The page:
Yesterday saw a miraculous change at Old Ford Lock on the Regents Canal in Tower Hamlets, East London.
We are working under contract to Fountains, carrying out ongoing maintenance work for the Canal and River Trust. One of our “Aquatractor” weed boats works on the London canals through out the summer, cutting weed, removing litter and keeping the waterways looking their best.
They always say it is easier to do repeat business rather than find new customers. This is of course very true for our maintenance teams where we revisit familiar properties to work on the ponds and lakes, year after year, getting them ready as they come alive again in the spring. But the last couple of weeks has seen us secure two pieces of engineering work for previous Clients. One is for the Corporation of London, working at the Barbican Centre. We will be replacing some steel pipework in a lake we cleaned out and restored about 12 years ago. The challenge is that we are working in a totally built environment, surrounded by residential flats, two schools and the Barbican Centre. So our working methods and times have to be modified to suit our environment. It is also a challenge because of the number of people who want to stop and chat, they are genuinely interested in what we do and want to find out more. Whilst it is only five minutes out of their day, when you have been asked for the thirtieth time “So what are you doing then mate?” it starts to eat into the time available to do the job. But still we are from the West Country where the opportunity for a yarn over the fence is never deliberately turned down!
The second job is in complete contrast. We will be cleaning out a lake for a private Client near Swindon. This was the place that John and Chris first met when they did the same work together in 1988. We know the date because it is cast into the concrete bridge that they made to go over the cascade. Here we will be working in a very rural environment, with only dog walkers and ramblers to see our progress.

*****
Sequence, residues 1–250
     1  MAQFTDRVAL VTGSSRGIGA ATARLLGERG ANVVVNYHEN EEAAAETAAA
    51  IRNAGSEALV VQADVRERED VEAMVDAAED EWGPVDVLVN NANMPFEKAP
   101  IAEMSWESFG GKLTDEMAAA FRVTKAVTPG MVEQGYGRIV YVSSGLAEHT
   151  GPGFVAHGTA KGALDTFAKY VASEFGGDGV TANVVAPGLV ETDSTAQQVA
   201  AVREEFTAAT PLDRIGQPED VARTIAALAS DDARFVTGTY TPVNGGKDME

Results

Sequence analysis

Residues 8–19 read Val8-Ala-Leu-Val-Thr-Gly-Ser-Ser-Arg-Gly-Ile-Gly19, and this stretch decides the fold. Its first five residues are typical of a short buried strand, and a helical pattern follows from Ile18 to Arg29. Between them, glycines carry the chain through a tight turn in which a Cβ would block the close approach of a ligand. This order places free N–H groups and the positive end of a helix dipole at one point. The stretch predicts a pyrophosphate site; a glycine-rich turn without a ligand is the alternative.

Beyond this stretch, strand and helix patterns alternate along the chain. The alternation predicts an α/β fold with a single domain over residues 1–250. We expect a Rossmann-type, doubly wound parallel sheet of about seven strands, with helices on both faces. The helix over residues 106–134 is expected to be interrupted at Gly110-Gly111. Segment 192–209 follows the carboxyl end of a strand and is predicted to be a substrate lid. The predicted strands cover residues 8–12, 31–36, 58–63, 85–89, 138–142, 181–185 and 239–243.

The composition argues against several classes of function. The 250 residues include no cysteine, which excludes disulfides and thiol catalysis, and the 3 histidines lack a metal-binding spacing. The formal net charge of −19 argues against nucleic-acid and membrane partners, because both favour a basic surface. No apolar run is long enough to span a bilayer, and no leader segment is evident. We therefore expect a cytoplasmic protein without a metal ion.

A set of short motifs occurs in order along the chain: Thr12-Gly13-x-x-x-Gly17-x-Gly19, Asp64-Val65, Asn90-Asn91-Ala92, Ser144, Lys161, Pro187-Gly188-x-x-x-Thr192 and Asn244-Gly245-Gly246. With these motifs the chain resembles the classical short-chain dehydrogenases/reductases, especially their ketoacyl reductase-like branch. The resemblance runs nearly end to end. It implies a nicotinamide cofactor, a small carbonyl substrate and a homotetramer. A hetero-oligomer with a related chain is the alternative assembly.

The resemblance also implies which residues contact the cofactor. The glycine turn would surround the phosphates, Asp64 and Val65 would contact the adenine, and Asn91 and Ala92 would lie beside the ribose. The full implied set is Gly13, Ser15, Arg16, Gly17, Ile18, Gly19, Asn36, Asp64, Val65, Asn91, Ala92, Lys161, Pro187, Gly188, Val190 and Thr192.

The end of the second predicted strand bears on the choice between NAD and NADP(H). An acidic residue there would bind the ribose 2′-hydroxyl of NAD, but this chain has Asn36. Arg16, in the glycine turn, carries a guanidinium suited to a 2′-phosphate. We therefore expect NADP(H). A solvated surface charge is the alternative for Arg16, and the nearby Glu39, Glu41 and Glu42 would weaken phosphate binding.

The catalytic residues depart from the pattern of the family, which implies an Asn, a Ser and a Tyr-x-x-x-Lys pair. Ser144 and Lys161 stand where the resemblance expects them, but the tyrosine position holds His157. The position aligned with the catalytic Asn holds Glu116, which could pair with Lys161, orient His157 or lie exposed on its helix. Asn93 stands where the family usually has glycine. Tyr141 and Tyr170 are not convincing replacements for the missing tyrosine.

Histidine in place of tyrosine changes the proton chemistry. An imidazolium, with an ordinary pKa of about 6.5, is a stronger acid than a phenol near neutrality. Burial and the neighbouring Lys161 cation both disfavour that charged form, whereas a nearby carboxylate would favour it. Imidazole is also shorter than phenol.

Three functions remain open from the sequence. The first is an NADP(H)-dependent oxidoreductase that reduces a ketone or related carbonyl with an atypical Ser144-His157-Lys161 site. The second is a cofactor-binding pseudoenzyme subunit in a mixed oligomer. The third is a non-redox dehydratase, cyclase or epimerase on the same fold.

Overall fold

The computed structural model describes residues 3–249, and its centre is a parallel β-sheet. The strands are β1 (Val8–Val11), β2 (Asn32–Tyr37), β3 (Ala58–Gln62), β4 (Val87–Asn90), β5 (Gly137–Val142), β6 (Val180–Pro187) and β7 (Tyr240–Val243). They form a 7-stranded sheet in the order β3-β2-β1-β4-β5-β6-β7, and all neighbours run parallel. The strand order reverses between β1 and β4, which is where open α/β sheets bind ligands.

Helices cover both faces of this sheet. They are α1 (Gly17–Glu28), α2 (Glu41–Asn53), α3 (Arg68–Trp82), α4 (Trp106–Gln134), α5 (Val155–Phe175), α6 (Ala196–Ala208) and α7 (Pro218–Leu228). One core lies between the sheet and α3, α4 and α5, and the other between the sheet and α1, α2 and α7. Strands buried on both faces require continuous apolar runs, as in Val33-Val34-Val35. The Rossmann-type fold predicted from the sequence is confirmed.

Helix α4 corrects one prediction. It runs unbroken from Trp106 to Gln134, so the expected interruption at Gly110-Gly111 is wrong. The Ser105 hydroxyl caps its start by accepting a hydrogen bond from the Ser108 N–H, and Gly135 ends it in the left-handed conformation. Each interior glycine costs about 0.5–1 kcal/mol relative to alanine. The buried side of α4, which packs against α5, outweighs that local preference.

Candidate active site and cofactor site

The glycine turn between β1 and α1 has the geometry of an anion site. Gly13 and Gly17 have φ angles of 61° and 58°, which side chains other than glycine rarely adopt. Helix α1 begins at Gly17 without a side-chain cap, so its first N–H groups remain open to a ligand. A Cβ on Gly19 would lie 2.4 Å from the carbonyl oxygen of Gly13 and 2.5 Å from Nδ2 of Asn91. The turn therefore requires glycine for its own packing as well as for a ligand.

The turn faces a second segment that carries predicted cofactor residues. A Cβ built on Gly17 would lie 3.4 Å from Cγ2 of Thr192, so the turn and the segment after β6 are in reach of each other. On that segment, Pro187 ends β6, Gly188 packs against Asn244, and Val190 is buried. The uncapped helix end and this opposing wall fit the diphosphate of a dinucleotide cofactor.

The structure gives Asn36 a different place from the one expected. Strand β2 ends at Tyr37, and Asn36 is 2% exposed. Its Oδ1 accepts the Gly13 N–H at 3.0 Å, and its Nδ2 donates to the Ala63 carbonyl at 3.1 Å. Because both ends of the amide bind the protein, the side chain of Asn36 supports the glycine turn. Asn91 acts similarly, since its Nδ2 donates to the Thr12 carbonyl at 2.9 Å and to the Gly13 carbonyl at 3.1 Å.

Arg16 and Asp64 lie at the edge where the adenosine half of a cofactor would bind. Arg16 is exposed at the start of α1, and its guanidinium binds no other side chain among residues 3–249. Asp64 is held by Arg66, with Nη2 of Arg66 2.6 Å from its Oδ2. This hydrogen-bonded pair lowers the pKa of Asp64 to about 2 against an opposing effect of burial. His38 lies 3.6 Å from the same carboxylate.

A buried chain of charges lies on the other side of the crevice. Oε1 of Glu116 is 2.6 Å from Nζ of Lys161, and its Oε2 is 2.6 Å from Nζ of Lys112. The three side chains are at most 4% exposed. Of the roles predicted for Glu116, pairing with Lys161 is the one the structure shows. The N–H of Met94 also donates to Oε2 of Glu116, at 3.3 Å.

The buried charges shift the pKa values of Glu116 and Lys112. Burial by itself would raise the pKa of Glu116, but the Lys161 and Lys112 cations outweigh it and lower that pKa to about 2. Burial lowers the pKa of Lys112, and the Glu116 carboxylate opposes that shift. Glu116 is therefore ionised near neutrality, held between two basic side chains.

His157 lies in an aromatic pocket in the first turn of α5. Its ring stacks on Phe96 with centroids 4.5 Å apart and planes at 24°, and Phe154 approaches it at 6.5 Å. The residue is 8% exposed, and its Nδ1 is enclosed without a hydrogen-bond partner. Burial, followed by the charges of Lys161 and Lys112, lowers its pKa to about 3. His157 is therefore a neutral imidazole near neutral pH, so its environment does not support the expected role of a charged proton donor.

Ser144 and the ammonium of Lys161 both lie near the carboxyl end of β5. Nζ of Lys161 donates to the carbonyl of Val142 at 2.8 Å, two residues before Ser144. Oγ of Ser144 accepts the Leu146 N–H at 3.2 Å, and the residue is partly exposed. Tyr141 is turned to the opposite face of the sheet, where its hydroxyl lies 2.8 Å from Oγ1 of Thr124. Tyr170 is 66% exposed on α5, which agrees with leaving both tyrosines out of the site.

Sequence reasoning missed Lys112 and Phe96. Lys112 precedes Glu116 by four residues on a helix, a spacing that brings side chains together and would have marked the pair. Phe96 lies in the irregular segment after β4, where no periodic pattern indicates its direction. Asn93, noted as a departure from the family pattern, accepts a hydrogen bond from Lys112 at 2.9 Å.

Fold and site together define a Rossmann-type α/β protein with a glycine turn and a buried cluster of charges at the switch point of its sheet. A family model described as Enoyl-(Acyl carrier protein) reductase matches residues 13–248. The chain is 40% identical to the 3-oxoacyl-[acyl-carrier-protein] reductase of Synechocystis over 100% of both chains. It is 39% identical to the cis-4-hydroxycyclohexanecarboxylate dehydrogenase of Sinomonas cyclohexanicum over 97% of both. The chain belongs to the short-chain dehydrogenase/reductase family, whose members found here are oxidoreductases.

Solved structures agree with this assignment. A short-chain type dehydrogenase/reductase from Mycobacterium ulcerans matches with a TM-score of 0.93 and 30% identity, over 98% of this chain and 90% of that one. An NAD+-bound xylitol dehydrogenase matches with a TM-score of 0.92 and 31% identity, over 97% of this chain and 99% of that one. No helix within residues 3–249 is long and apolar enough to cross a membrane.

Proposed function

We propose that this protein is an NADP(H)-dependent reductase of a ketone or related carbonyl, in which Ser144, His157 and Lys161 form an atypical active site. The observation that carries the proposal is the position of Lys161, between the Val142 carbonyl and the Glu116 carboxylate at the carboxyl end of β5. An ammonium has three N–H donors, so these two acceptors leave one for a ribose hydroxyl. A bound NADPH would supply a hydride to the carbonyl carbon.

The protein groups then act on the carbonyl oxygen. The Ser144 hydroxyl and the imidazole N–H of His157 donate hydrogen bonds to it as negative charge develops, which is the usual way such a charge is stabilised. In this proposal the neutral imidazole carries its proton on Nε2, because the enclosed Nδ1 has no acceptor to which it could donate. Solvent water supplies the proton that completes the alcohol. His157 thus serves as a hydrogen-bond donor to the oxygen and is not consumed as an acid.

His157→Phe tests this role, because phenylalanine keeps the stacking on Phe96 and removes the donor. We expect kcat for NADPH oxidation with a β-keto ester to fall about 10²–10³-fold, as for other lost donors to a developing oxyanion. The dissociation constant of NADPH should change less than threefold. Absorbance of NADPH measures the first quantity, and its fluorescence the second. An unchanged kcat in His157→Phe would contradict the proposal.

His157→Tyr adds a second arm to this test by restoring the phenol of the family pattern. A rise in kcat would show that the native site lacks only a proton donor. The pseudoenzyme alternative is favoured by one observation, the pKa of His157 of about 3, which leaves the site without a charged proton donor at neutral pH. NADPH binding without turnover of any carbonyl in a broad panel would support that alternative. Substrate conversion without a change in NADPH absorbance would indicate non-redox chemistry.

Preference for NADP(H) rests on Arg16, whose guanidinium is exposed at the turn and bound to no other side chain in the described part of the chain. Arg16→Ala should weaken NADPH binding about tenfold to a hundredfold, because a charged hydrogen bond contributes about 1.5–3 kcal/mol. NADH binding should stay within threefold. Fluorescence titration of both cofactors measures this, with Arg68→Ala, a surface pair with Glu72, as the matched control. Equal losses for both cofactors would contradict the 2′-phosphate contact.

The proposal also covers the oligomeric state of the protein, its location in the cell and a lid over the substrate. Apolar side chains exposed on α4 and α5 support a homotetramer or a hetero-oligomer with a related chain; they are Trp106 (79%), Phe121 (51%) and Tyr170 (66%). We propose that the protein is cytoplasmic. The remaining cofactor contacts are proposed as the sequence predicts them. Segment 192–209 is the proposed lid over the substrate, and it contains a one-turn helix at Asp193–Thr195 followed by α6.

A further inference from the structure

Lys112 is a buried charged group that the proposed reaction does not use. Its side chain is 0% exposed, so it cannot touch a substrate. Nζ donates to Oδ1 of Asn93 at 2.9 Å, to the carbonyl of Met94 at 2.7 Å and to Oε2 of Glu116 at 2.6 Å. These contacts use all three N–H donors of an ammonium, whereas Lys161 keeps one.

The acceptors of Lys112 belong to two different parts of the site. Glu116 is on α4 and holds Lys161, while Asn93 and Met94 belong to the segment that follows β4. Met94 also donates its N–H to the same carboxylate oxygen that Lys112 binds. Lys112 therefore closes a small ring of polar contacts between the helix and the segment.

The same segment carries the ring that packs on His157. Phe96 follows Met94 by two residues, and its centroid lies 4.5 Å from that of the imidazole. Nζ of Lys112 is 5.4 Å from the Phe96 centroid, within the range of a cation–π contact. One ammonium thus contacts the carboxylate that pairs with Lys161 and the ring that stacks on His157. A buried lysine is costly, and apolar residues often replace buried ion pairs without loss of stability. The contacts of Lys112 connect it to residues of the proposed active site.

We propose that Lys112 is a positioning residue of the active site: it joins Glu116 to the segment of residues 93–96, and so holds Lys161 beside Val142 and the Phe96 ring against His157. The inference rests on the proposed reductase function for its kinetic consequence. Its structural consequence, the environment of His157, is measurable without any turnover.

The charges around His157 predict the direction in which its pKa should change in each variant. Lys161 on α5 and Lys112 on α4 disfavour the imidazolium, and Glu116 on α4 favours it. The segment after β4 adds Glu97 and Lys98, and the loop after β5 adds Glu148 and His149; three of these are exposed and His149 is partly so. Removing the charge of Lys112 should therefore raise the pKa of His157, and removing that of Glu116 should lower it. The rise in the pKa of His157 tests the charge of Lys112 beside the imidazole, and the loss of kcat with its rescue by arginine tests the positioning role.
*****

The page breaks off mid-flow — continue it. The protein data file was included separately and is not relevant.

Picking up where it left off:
Both jobs present different challenges and contribute to the variety of work we enjoy completing from mechanical engineering to heavy plant and excavation.
Public Natural Swimming Pools – Kings Cross, London
THE ASSIGNMENT: Creation of the UK’s First Public Natural Swimming Pool
As part of the 60-acre redevelopment of Kings Cross the property developers, Argent, were obliged to provide public realm art work to satisfy their planning obligations. The last of these was entitled ‘Of Soil and Water’ and was designed by Dutch Architects, Ooze and Slovenian artist Marjetica PotrČ. The rationale behind their concept was to create an urban oasis right in the heart of the building site.
Everyone at Kingcombe Aquacare is delighted to have been involved with the creation of the UK’s first public natural swimming pond, at King’s Cross in London, which is due to open soon as a piece of Land Art. The project has been getting a lot of media attention.